The Best Love Story Ever

Posted: May 6, 2012 in Book Review, Entertainment, refreshment
Tags: , , , , , , ,

“What can you say about a twenty-five-year-old girl who died? That she was beautiful. And brilliant. That she loved Mozart and Bach. And the Beatles. And me. Once, when she specifically lumped me with those musical types, I asked her what the order was, and she replied, smiling, ‘Alphabetical.’ At the time I smiled too. But now I sit and wonder whether she was listing me by my first name — in which case I would trail Mozart — or by my last name, in which case I would edge in there between Bach and the Beatles. Either way I don’t come first, which for some stupid reason bothers hell out of me..”

It has been more than 10 years, probably more than 12, since I read those lines for the first time. I can still quote it word for word, any given day, no matter how bad the day has been. Love Story. By Erich Segal. Before I read the book, someone told me that an entire dorm in some Ivy League place had phoned Erich Segal one night, in tears, to ask why Jenny had to die. After I was finished with the book, I didn’t blame them. I wanted to do the same.

Oliver Barett IV, handsome harvard jock and campus hero, born into immense wealth and stature. His family, through generations, having donated a lot of buildings to Harvard and his father having expected nothing but the best from him all along and taking it for granted when he had succeeded in meeting those expectations consistently.

Jennifer Cavilleri, a smart, feisty and lively Radcliffe student majoring in Music. An American of Italian descent, brought up by and living with her devout catholic father Phil. Jennifer is the firecracker who lives everyday like there’s no tomorrow, the beauty with brains who never fails to come up with a devastating one liner.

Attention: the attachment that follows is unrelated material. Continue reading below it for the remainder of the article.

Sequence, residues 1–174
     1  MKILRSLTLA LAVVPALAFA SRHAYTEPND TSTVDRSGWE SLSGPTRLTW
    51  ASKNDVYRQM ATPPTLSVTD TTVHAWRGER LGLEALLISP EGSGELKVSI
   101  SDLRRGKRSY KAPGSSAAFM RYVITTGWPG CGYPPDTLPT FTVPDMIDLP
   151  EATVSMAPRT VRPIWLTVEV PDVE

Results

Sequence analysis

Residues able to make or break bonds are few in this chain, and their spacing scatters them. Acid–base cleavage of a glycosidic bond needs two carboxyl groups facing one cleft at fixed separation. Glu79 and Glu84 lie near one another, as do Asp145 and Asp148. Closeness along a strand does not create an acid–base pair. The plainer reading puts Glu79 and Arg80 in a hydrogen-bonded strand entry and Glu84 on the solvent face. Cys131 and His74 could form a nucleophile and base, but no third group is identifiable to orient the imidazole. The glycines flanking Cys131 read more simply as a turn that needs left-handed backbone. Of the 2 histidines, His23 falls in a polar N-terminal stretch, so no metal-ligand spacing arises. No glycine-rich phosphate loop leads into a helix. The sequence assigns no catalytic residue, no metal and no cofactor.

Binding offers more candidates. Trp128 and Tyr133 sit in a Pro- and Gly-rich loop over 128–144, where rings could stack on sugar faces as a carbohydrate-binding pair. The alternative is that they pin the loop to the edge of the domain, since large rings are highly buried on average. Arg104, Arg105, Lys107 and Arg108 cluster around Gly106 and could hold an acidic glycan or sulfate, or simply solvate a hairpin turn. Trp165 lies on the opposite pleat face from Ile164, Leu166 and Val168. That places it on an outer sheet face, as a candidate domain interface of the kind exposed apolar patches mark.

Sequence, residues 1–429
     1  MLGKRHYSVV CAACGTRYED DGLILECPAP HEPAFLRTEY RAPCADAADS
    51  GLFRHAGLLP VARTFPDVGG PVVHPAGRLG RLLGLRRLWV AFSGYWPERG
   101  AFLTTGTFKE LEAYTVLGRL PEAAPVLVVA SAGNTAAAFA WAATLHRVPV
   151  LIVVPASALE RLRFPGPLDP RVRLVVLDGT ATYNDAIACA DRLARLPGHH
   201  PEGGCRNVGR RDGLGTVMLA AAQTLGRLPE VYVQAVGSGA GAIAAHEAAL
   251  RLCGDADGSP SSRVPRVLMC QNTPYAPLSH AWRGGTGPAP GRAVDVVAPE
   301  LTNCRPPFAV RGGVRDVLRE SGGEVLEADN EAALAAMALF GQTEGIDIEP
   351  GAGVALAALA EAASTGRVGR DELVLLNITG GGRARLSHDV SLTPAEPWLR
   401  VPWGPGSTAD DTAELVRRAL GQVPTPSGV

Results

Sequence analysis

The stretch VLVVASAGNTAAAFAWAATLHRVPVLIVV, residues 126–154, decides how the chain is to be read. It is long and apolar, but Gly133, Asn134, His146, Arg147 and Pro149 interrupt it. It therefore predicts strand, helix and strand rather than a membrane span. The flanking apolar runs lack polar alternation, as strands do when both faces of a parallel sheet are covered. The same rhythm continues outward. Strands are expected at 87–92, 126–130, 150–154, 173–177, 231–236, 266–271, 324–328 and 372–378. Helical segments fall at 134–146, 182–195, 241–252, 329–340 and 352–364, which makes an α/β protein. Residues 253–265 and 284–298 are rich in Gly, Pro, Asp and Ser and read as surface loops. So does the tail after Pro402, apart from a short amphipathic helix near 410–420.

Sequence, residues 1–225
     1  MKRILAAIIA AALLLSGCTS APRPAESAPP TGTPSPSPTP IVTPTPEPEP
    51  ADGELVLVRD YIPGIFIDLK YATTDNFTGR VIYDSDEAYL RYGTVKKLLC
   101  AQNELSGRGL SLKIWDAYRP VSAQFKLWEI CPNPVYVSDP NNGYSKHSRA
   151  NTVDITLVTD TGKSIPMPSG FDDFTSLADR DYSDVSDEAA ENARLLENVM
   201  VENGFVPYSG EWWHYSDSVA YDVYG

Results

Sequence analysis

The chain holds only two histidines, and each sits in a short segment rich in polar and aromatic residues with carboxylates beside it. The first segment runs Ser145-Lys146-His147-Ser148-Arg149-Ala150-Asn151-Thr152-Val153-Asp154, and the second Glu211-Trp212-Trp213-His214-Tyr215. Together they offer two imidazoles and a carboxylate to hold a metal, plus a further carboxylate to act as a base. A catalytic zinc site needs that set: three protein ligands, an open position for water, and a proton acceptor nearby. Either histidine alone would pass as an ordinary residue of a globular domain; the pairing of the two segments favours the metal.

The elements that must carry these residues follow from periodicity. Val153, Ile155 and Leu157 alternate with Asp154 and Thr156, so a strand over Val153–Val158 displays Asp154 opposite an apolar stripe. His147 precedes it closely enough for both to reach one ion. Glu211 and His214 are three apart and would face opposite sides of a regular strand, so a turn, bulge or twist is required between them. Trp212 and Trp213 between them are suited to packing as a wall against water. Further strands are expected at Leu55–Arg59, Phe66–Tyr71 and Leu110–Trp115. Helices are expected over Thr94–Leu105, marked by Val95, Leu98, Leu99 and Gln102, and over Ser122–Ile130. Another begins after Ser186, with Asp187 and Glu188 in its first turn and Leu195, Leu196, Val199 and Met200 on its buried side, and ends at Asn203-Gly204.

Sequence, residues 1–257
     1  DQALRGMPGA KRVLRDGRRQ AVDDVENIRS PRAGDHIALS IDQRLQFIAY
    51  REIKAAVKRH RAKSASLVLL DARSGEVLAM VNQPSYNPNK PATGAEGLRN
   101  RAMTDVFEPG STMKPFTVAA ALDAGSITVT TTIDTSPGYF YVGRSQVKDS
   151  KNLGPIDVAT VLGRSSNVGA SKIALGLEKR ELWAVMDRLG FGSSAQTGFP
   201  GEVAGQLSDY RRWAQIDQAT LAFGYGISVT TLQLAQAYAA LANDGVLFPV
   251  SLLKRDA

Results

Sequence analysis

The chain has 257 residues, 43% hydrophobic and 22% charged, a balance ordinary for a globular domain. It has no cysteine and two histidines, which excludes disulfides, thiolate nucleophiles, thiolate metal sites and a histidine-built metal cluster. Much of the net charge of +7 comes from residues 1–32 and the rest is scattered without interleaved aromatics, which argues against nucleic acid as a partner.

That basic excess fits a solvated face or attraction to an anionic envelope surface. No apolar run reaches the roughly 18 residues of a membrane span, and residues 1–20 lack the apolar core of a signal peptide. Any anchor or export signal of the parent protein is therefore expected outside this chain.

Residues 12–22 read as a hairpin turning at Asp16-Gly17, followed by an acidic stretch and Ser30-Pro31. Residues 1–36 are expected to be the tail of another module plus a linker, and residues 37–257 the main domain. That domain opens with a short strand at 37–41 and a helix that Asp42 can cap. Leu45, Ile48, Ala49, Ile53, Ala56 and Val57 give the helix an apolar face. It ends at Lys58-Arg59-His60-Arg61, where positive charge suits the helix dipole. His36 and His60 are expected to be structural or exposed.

The two of them meet at the Radcliffe Library one afternoon and sparks fly. Before you know it, they have been to a couple of Hockey games, fallen in love, Oliver has fought with his father and walked out of his money, the two of them have gotten married and the happy couple has shifted to New York. And again, before you can catch your breath, Jenny is dead and the story has ended. Don’t bother shouting “Spoiler! Spoiler!” The beauty of Love Story, ironically, is not in the story, but in the way the story has been told. The book does not have one single bland sentence, one that it could have managed without. Every one has an impact on you. They would make you chuckle in one instant, hold your breath in the next, and bring tears to your eyes in yet another one. The conversation between the couple is awesome, the supporting characters perfect, the main characters out of this world.

Oliver with his pride and insecurities and his grim struggle to get out of his father’s shadow, the loving, caring, doting Phil, the formidable Oliver Barrett III and his struggle to hold on to his dear son on one hand and to satisfy his ego and his pride on the other, and above all, the bewitching, beautiful, witty, smart, blunt, naughty Jenny with all her beauty  and wit and charm and her smashing one-liners.

Sample this, ”  ‘Jenny, we’re legally married!’
‘Yeah, now I can be a bitch.’ ”

It might seem pointless to write about Love Story, as it is a book that most of us have already read. However, the purpose of this article is not to be a review. Me reviewing Erich Segal would be blasphemy anyway. This is more of a tribute. I have been a fan of Segal for a long time now. In my opinion, Love Story is not even his best work or his best novel. That honor would go to The Class or Acts of Faith, two other of his creations I’ll never forget. Love Story, however, is different. While it’s probably not his best story, it has to be the best writte. You have to read it to feel it.